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Chapter XLIV.—Challenge by Caiaphas.

“But when we twelve apostles, on the day of the passover, had come together with an immense multitude, and entered into the church of the brethren, each one of us, at the request of James, 575 stated briefly, in the hearing of the people, what we had done in every place. 576   While this was going on, Caiaphas, the high priest, sent priests to us, and asked us to come to him, that either we should prove to him that Jesus is the eternal Christ, or he to us that He is not, and that so all the people should agree upon the one faith or the other; and this he frequently entreated us to do.  But we often put it off, always seeking for a more convenient time.”  Then I, Clement, answered to this:  “I think that this very question, whether He is the Christ, is of great importance for the establishment of the faith; otherwise the high priest would not so frequently ask that he might either learn or teach concerning the Christ.”  Then Peter:  “You have answered rightly, O Clement; for as no one can see without eyes, nor hear without ears, nor smell without nostrils, nor taste without a tongue, nor handle anything without hands, so it is impossible, without the true Prophet, to know what is pleasing to God.”  And I answered:  “I have already learned from your instruction that this true prophet is the Christ; but I should wish to learn what the Christ means, or why He is so called, that a matter of so great importance may not be vague and uncertain to me.”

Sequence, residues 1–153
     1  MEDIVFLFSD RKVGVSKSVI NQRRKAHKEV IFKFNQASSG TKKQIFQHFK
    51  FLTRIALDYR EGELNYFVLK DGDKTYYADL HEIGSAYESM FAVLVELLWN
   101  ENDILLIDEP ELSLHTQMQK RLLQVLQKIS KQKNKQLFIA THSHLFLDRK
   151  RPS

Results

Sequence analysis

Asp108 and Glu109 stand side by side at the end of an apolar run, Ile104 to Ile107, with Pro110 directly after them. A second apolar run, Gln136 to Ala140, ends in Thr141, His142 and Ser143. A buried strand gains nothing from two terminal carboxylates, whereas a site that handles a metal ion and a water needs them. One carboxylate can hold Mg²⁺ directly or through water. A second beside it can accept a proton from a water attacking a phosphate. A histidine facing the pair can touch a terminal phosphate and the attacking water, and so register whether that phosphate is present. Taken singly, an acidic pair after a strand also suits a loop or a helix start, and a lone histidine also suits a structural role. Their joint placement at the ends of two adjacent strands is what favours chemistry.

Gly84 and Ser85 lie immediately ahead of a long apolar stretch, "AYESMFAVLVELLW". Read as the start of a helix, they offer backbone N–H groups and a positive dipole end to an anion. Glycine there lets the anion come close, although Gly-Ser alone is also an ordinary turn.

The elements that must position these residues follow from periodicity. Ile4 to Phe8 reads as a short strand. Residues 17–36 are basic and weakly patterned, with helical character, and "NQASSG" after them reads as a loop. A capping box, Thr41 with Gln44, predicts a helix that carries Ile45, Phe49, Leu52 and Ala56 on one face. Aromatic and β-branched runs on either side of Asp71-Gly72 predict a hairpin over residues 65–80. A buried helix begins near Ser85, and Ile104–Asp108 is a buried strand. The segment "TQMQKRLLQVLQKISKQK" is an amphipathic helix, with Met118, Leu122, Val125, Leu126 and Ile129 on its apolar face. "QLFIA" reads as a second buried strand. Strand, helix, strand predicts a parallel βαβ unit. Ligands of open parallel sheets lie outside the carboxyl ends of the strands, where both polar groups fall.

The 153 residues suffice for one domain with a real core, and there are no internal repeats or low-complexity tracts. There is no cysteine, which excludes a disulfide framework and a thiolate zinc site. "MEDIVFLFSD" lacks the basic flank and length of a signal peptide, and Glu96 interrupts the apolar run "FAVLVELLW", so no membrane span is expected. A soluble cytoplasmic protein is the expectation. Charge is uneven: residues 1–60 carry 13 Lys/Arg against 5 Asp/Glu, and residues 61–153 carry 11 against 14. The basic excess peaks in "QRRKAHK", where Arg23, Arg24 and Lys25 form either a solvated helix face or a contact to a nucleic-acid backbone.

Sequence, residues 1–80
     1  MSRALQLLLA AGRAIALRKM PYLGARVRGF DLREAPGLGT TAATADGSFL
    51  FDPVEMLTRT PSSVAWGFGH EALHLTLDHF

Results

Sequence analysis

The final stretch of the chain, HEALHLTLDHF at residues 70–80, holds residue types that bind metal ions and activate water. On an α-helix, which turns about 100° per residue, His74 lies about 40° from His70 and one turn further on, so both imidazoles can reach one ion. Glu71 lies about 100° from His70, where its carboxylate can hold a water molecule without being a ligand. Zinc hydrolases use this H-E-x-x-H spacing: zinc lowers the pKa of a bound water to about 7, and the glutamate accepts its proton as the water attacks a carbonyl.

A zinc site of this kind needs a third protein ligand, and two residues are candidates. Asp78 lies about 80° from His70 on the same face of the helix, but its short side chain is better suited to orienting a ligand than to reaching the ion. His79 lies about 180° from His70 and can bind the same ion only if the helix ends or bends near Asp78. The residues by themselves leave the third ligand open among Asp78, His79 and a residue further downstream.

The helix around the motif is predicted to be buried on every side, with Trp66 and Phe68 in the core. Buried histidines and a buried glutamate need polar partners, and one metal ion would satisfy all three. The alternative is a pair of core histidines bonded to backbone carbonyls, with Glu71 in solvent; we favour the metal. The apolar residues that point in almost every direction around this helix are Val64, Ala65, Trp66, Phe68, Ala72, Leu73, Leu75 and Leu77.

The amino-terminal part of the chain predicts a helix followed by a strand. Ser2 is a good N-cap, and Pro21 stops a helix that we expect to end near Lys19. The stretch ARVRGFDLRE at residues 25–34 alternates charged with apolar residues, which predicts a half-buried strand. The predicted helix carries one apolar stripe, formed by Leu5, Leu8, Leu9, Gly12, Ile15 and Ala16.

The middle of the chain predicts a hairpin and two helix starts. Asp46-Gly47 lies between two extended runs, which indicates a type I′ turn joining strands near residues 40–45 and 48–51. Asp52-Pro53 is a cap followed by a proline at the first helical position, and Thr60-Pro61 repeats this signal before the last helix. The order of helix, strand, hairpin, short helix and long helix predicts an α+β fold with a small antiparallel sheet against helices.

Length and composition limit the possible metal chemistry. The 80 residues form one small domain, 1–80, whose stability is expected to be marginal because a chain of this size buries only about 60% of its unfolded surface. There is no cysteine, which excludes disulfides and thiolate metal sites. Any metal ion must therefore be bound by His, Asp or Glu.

[Evidently “the Lord’s brother.”  Comp. chap. 68.—R.]


This account of occurrences in Jerusalem (chaps. 45–70) is probably meant to supplement Acts v. and viii.  The date tallies with the stoning of Stephen, to which there is no allusion.  The whole bears abundant marks of “manipulation” of the New-Testament record.—R.]

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